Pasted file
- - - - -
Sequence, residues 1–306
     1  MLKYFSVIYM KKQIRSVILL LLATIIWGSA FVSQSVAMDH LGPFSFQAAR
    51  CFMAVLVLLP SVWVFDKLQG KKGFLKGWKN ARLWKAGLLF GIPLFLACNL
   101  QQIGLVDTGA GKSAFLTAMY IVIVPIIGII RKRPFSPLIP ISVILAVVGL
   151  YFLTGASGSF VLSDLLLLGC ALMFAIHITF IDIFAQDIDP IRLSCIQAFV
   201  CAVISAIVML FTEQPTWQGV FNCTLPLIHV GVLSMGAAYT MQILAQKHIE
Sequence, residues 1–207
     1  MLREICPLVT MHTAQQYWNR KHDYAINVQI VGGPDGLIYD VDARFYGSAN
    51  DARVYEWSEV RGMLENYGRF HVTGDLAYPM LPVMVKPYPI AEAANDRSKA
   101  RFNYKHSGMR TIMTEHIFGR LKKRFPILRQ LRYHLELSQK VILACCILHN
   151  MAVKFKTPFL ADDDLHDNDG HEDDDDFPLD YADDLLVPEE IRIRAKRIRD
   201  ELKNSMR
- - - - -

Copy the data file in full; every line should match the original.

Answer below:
Sequence, residues 1–306
     1  MLKYFSVIYM KKQIRSVILL LLATIIWGSA FVSQSVAMDH LGPFSFQAAR
    51  CFMAVLVLLP SVWVFDKLQG KKGFLKGWKN ARLWKAGLLF GIPLFLACNL
   101  QQIGLVDTGA GKSAFLTAMY IVIVPIIGII RKRPFSPLIP ISVILAVVGL
   151  YFLTGASGSF VLSDLLLLGC ALMFAIHITF IDIFAQDIDP IRLSCIQAFV
   201  CAVISAIVML FTEQPTWQGV FNCTLPLIHV GVLSMGAAYT MQILAQKHIE
Sequence, residues 1–207
     1  MLREICPLVT MHTAQQYWNR KHDYAINVQI VGGPDGLIYD VDARFYGSAN
    51  DARVYEWSEV RGMLENYGRF HVTGDLAYPM LPVMVKPYPI AEAANDRSKA
   101  RFNYKHSGMR TIMTEHIFGR LKKRFPILRQ LRYHLELSQK VILACCILHN
   151  MAVKFKTPFL ADDDLHDNDG HEDDDDFPLD YADDLLVPEE IRIRAKRIRD
   201  ELKNSMR